What is a confession?
Confession is the acceptance of guilt, declaration or suggestion of guilt by an accused in custody. The “confession” of the person accused is admitted at any time by a person accused of a crime stating or suggesting that he committed the crime, according to Justice Stephen.
What declarations can be called a confession?
A declaration of confession is an acknowledgement of guilt accused. So if the manufacturer does not blame himself, the declaration is not a confession. In addition, a mixed statement containing a certain confessional statement leads not to acquittal. Therefore a statement that a self-exculpatory matter does not contain true could not negatively affect the crime. This is because the confession must be either as a whole or rejected in its entirety and the court cannot accept only the inculpatory portion and reject the expulsive portion ( statement of self-defence).
Magistrate statements under CrPC
Requirement to record: Under section164 of the code, there is a double need to record a witness’ statements:
1.To deter you from subsequently changing your versions: and
2.The immunity of the prosecution to the information provided by the witness under section 162 of the code must be overcome. Another reason why the witnesses’ statement is recorded under Section 164 of the Code is that, in order to prevent perjury, the possibility is kept to a minimum by the witness at the unit.
Manner of recording Confession, signatures etc.:
Subsection (4) states that confession should be recorded and signed in the manner provided for in Section 281. At the foot of such confession, the Magistrate shall make the memorandum. A printed instruction supplied to it could not only be signed by the judge. This is contrary to this section. It can be said that the confession that was made voluntarily and recorded correctly in another language was irregular. It is necessary to record the whole confession. Before it can be implemented, the confession must be proven voluntary.
The confession needs to be signed by the accused. If not, the committee would not make the confession vital and the irregularity could be curable in accordance with paragraph 463. When a confession to the officer trying the case is made at the time of trial, the accused’s attest is unnecessary.
The confession that it is voluntary is wrong and cannot be accepted as proof without a memorandum.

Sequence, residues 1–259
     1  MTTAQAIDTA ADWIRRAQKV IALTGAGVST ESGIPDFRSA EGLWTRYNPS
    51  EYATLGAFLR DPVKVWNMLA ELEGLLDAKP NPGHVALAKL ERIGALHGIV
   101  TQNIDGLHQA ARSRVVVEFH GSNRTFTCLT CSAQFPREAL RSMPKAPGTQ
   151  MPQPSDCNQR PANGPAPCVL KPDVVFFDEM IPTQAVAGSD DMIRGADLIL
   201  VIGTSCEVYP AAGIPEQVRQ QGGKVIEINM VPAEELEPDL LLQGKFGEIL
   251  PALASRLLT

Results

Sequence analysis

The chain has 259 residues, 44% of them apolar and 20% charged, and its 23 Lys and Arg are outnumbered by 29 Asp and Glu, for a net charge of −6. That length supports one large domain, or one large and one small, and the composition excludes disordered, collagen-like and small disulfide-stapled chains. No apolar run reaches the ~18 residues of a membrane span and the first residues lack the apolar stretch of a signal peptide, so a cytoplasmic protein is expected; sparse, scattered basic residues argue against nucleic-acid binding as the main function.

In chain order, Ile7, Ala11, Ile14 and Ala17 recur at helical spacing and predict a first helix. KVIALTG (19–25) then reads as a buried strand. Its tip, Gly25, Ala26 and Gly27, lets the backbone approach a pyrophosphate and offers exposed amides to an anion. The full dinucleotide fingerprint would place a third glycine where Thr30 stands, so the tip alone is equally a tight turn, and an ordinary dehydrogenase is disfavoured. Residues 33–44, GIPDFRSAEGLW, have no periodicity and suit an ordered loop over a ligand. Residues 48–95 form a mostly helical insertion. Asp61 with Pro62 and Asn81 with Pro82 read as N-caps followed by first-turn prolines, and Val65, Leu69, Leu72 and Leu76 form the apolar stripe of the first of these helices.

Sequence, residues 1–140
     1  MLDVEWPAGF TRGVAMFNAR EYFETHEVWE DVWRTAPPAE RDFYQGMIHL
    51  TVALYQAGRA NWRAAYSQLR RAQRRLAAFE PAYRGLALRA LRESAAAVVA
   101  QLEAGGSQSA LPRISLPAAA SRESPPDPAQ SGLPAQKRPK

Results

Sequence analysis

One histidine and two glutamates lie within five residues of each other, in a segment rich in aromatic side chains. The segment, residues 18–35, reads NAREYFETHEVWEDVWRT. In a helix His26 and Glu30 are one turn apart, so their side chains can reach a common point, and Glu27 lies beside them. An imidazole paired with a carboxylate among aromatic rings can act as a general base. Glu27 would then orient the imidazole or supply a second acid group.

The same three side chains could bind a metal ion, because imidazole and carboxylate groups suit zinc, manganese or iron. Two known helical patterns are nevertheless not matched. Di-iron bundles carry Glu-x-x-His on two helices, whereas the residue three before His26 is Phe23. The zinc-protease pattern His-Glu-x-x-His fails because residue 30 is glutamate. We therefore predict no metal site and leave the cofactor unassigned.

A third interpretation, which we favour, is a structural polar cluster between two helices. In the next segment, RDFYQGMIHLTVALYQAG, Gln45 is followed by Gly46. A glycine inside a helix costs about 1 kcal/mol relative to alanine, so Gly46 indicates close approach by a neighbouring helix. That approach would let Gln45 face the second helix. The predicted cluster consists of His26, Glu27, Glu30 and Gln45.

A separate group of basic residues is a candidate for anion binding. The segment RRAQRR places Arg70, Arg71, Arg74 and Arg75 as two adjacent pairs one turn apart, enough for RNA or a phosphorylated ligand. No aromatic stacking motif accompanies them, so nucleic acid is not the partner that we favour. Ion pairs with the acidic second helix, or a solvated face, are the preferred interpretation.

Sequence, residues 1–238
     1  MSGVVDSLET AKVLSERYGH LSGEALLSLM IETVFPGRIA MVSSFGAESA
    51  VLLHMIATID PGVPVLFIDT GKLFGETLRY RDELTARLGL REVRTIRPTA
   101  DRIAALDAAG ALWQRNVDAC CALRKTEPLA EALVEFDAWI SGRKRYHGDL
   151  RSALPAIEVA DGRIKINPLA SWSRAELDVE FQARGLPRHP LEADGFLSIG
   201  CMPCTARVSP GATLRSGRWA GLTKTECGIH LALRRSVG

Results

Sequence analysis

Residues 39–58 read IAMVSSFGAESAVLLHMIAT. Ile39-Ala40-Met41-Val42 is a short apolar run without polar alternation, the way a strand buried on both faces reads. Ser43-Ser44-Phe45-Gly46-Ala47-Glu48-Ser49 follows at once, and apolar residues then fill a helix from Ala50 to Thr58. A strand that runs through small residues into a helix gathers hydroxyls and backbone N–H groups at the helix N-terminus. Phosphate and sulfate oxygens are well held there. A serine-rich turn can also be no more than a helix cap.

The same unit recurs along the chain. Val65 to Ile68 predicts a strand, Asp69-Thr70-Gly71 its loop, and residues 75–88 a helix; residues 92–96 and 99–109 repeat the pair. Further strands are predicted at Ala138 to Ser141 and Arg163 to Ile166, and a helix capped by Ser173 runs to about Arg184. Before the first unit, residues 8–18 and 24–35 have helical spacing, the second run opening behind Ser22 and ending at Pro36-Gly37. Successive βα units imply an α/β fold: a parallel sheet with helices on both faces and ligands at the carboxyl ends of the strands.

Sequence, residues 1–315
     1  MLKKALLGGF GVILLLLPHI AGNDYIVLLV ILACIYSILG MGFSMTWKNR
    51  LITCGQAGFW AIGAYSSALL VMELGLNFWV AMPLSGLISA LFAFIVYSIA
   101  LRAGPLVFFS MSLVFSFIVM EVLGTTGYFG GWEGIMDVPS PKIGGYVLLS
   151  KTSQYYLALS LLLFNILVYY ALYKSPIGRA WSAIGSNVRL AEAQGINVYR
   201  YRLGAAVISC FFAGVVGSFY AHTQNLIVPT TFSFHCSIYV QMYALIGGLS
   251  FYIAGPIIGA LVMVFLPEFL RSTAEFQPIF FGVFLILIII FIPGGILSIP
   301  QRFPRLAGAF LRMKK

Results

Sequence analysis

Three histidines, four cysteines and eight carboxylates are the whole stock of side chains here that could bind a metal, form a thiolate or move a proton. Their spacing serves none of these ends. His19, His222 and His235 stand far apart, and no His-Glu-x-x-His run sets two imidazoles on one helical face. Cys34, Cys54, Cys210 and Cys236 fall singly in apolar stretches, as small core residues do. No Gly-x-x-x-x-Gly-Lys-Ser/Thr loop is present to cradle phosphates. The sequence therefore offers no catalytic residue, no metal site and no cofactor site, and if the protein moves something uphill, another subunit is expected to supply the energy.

Transfer of confession to Magistrate of jurisdiction:
This subsection (6) says that the magistrate who records a confession or statement under that paragraph must transmit it to the magistrate for inquiry or trial.
Are the recorded statement, a public document?
The statement recorded under Section 164 CrPC is a public paper in accordance with Section 74 of the Act of Indian Evidence 1872 by a Judicial Magistrate or Metropolitan Magistrate. This proof is allowable in accordance with Section 80 of the 1872 Indian Evidence Act. In Guruvind Palli Anna Roa And others v. State of Andhra Pradesh, the High Court held that “the declaration of witness recorded in accordance with Section 164 Crpc is a public document that requires no formal evidence and that the magistrate who records the document cannot be summoned”
Who is qualified person for recording the statement under section 164 of the code?
In accordance with Section 164(1) of the CrPC, judge’s office or Metropolitan Magistrate, the confession or statement made to him during the investigation may be recorded whether or not he has jurisdiction in the matter. The proviso added in the subsection also revokes such confessions by the police officer who is granted any authority of the magistrate pursuant to the law. Therefore, under section 164 of the Code, it is only a judge or a Metropolitan Magistrate who is authorised to record the statement.
Places where the recorded statements are used:
A statement of section 164 of the Criminal Procedure Code may, in the manners provided under Section 157 & 145 of the evidence Act of 1872, be used to corroborate or contradict the statement made in the court. It can be used for confirmation purposes. It can be used to cross-examine the individual who demonstrated that the witness’ evidence is false, but that doesn’t show that the evidence he began before the Court in this section is true. In order to cross-examine and discredit his evidence in the court, a statement issued by a witness in accordance with section 164 of the CrPC can be used.